C++ Guide

This guide walks through the Neuropod C++ API in detail and goes over many different ways of working with models.


The Neuropod runtime interface is identical for all frameworks so this guide applies for models from all supported frameworks (including TensorFlow, PyTorch, Keras, and TorchScript)

Loading a Neuropod

The simplest way to load a neuropod is as follows:

#include "neuropod/neuropod.hh"

Neuropod neuropod(PATH_TO_MY_MODEL);

where PATH_TO_MY_MODEL is the path to a model exported using one of the packagers.


You can also provide runtime options when loading a model.

To select what device to run the model on, you can specify the visible_device option:

neuropod::RuntimeOptions opts;

// Set the visible device to the first GPU
opts.visible_device = Device::GPU0;

Neuropod neuropod(PATH_TO_MY_MODEL, opts);

This defaults to GPU0. If no GPUs are available, Neuropod will attempt to fallback to CPU.

Setting opts.visible_device = Device::CPU will force the model to run on CPU.

For more details, see all the options here

Get the inputs and outputs of a model

To get the inputs and outputs of a model, you can do this:

Neuropod neuropod(PATH_TO_MY_MODEL);

// Both of these are `std::vector<TensorSpec>`
const auto &inputs  = neuropod.get_inputs();
const auto &outputs = neuropod.get_outputs();

for (const auto &item : inputs)
    // A `TensorSpec` is a struct with a `name`, `dims` and `type`
    std::cout << "Tensor name: " << item.name << std::endl;

For more details, see TensorSpec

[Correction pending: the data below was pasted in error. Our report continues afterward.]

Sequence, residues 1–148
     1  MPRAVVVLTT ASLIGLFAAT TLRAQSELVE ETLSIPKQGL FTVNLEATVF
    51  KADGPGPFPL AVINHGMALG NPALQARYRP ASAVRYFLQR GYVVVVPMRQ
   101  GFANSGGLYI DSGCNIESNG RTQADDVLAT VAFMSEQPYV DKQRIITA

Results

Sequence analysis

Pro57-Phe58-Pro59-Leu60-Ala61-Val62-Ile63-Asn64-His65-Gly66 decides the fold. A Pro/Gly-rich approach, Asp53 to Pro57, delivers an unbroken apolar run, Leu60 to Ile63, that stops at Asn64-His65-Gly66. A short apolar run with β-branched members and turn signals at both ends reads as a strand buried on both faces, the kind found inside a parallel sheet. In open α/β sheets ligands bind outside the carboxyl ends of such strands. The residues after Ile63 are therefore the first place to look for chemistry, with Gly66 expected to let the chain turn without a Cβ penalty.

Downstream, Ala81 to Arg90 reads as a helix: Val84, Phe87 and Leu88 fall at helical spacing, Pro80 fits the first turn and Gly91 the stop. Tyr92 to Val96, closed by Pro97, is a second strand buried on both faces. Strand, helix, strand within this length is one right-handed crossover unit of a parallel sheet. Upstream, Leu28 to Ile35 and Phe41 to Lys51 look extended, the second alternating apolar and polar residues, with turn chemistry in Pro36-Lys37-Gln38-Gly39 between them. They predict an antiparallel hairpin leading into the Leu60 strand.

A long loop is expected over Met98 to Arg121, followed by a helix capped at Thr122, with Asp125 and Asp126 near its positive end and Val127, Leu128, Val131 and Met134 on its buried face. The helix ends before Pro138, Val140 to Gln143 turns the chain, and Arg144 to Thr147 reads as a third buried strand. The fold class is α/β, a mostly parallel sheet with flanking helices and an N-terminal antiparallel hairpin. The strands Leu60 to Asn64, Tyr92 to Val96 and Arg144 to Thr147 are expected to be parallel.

Tensor Types

The following tensor types are supported:

  • float
  • double
  • string

  • int8

  • int16
  • int32
  • int64

  • uint8

  • uint16
  • uint32
  • uint64


uint16, uint32, and uint64 are not supported by PyTorch or TorchScript. See the supported type list in the PyTorch documentation.


TorchScript does not have support for string tensors so we represent them as lists of strings. Therefore TorchScript Neuropod models only support 1D string "tensors". See here for example usage.

Creating tensors


See the Efficient Tensor Creation page for a guide on the approach that best fits your use case.

There are many different ways to create NeuropodTensors, but all of them start with an allocator.

To get an allocator for a loaded model, you can do something like:

Neuropod neuropod(PATH_TO_MY_MODEL);

auto allocator = neuropod.get_tensor_allocator();

For scenarios where a model isn't loaded (e.g. unit tests), you can use a generic tensor allocator:

#include "neuropod/core/generic_tensor.hh"

auto allocator = neuropod::get_generic_tensor_allocator();

Allocate new memory

For this, we just need the dimensions and type of the tensor we want to allocate.

auto tensor = allocator->allocate_tensor<float>({1, 2, 3});

You can also manually specify the type without using a templated function

auto tensor = allocator->allocate_tensor({1, 2, 3}, neuropod::FLOAT_TENSOR);

To do something useful with these tensors, see the Interacting with Tensors section below.

From existing memory

Neuropod provides a way to wrap existing memory and use it in a zero-copy way.

To do this, it needs four things:

  • The dimension of the tensor to create
  • The type of tensor to create
  • A pointer to the data to wrap
    • Note: this should be 64 byte aligned
  • A deleter function

This deleter function is called once Neuropod (and the underlying libraries) are done using this data. Until this function is called, it is not safe to deallocate the data.

It is very important to pass in a correct deleter to make sure the memory doesn't get prematurely deallocated. Some examples are below.


cv::Mat image = ... // An image from somewhere
auto tensor = allocator->tensor_from_memory<uint8_t>(
    // Dimensions
    {1, image.rows, image.cols, image.channels()},

    // Data

    // Deleter
    [image](void * unused) {
        // By capturing `image` in this deleter, we ensure